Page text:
Friday, August 08, 2008

Word is, the rain in this country stays mainly in the plain


Although we had to walk up three flights of stairs and share the bathroom with the rest of the floor, I think that our hostel in Barcelona was my favorite. Our room was large – with a bunk bed and a double and a twin. High ceilings, tile floor. We had a small conservatory with giant windows and a table with chairs where we could sit and look into the back windows of the entire block.

Our sweet digs.

The view.

We're so crazy!

I wanted to purchase one of the canaries that the vendors were selling on Las Ramblas, the city’s main pedestrian drag. To my mind sprung a picture of a little yellow bird swinging in his wire cage in our conservatory. We could try and take him on the train, I reasoned, as a fragile and complicated mascot. Or we could have staged some sort of do-gooder freeing ceremony where we flung the bird into the air and watched him fly to liberty, his feathers blending with the setting sun.

Here's me checking out the price of birds.

But, as it turns out, the birds were 40 euros, not even counting the cage, so it was not to be.

All for the best, I suppose. Our freeing ceremony, although good intentioned, would probably have left the bird unable to fend for himself after years of captivity, fighting pigeons five times his size for crumbs of paella and trash. Eventually, we would find him with a five o’clock shadow on his little feathered cheeks and fingerless gloves on his orange feet, whistling a tuneless song, a tiny little hat at his feet to catch contributions.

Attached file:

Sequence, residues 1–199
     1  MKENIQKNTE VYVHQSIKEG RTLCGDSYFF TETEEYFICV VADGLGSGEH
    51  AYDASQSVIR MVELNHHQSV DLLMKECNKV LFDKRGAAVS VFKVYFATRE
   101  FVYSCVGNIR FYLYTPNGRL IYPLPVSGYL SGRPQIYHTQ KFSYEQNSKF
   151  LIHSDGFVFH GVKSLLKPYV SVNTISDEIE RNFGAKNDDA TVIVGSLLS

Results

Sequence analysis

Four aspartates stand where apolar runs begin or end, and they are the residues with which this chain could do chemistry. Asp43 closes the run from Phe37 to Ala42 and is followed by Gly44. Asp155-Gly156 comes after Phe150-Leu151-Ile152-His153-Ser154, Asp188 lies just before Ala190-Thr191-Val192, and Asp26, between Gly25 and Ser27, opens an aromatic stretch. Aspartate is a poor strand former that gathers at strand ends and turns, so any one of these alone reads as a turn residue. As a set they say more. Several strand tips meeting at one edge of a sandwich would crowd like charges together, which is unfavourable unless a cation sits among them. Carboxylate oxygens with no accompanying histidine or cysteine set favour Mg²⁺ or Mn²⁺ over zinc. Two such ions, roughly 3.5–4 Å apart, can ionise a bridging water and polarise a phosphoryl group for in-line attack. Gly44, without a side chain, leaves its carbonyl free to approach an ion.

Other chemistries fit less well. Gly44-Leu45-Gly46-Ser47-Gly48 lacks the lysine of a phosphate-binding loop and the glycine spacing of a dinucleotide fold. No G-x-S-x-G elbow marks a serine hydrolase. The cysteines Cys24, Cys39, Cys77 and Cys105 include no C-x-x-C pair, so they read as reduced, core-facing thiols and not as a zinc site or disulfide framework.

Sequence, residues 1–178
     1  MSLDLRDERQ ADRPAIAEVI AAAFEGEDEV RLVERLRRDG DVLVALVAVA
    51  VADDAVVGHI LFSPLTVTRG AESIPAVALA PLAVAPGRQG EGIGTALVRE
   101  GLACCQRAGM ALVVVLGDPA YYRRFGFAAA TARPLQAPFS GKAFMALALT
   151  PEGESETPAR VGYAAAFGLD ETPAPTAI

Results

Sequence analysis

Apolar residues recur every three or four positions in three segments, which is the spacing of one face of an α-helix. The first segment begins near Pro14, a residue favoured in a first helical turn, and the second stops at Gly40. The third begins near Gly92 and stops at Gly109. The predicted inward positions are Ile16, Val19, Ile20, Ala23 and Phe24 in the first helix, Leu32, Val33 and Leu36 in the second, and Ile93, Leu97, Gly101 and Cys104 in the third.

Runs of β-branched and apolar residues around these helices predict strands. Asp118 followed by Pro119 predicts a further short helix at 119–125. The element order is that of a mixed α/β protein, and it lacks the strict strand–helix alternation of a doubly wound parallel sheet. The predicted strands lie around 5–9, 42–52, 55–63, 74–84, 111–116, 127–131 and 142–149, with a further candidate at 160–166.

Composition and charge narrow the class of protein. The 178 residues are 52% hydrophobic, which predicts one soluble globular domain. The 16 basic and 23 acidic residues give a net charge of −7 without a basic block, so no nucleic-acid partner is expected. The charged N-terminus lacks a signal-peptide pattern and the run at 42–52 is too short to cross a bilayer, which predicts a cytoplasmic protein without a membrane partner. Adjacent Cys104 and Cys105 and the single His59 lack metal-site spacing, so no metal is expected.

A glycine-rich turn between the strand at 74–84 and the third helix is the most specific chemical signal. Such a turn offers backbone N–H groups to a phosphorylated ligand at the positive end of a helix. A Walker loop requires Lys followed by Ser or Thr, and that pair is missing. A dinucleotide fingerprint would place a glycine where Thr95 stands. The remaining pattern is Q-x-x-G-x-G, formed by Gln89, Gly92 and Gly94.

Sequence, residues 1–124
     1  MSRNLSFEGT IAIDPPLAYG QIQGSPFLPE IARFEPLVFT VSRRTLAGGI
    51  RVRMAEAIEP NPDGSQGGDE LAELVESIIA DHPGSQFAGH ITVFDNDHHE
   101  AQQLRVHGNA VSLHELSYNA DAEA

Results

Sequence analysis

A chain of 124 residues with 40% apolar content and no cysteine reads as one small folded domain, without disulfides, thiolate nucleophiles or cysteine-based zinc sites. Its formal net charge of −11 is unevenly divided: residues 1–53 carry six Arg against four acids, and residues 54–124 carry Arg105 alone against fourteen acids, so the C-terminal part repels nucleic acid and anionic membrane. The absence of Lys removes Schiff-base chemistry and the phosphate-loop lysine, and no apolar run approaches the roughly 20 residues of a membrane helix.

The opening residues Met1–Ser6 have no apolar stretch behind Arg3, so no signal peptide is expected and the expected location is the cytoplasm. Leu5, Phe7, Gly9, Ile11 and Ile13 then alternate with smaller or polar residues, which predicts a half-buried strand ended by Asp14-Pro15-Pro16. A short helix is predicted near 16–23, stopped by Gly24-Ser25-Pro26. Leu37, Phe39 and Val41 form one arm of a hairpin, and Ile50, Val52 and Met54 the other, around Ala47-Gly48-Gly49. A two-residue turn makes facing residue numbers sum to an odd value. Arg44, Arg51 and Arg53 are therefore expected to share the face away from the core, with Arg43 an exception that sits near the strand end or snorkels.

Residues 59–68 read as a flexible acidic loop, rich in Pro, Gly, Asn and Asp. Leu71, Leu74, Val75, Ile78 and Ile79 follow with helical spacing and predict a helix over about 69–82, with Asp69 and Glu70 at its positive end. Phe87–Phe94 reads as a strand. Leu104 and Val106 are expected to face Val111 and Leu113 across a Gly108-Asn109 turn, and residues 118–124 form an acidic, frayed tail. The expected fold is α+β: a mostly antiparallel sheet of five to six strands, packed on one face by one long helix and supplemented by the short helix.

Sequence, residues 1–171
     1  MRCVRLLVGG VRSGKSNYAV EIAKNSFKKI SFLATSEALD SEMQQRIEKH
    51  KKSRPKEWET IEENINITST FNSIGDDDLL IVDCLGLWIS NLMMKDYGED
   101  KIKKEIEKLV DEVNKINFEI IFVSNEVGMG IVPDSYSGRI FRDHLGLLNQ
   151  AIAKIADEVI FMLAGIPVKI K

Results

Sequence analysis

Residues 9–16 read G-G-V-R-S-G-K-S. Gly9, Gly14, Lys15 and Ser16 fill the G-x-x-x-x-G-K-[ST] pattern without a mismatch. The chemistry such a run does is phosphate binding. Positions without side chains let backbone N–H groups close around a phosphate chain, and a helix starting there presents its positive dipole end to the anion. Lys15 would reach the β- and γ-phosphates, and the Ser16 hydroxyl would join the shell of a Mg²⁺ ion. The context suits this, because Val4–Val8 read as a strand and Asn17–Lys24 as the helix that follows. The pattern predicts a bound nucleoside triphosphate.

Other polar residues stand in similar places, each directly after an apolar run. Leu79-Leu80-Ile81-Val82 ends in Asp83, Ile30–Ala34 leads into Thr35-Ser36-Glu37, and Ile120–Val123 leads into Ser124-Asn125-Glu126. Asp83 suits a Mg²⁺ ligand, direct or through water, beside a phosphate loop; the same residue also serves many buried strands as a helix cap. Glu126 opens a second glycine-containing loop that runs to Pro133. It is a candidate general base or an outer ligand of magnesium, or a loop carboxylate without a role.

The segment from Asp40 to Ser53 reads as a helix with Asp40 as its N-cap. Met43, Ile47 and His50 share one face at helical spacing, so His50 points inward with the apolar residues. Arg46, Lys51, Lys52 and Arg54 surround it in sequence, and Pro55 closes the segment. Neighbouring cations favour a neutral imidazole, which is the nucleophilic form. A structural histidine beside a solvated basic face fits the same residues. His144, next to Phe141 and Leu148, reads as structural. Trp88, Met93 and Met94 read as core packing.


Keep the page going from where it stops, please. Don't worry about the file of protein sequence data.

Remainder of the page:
I don’t want that on my conscience.

So we left the birds at the pet shop and enjoyed our time in Spain anyway. We bought breakfast from the same little coffee shop (The Times) every morning, carrying it back to our hostel to enjoy in the conservatory. Our days were spent rambling on Las Ramblas, learning the Metro, visiting La Sagrada Familia Cathedral, and finding the beach.

Barcelona is in the Catalonian province, and I was worried that everything would be in their own special, secret language of Catalan. But our stammered and fuddled high school Spanish was enough to get us around.

Laurilee and Jannell have a conversation on Las Ramblas.

Sarah and I buy some bread for dinner at the market.

Paella. Probably the most accurate-looking food known to man. There's no mistaking what you're getting yourself into with a plate of paella.

The interior of that eternal work-in-progress, La Sagrada Familia.

On to Italy via the south of France! Note the discrepancy in backpack proportions.


Holly said...

This is riveting (these tales from your trip, that is)! I finally had to comment. Also, I like the bit about the bird. Additionally, paella is not my favorite. In fact, when I was in Spain, I tried all manner of ways to get out of eating it. Instead, I was given double the amount as my flailing arms and vigorous shaking of the head was interpreted as "please give me more". Or "por favor, dame mas", as they say in Espana. Carry on!

GreenEggsandSam said...

yes please.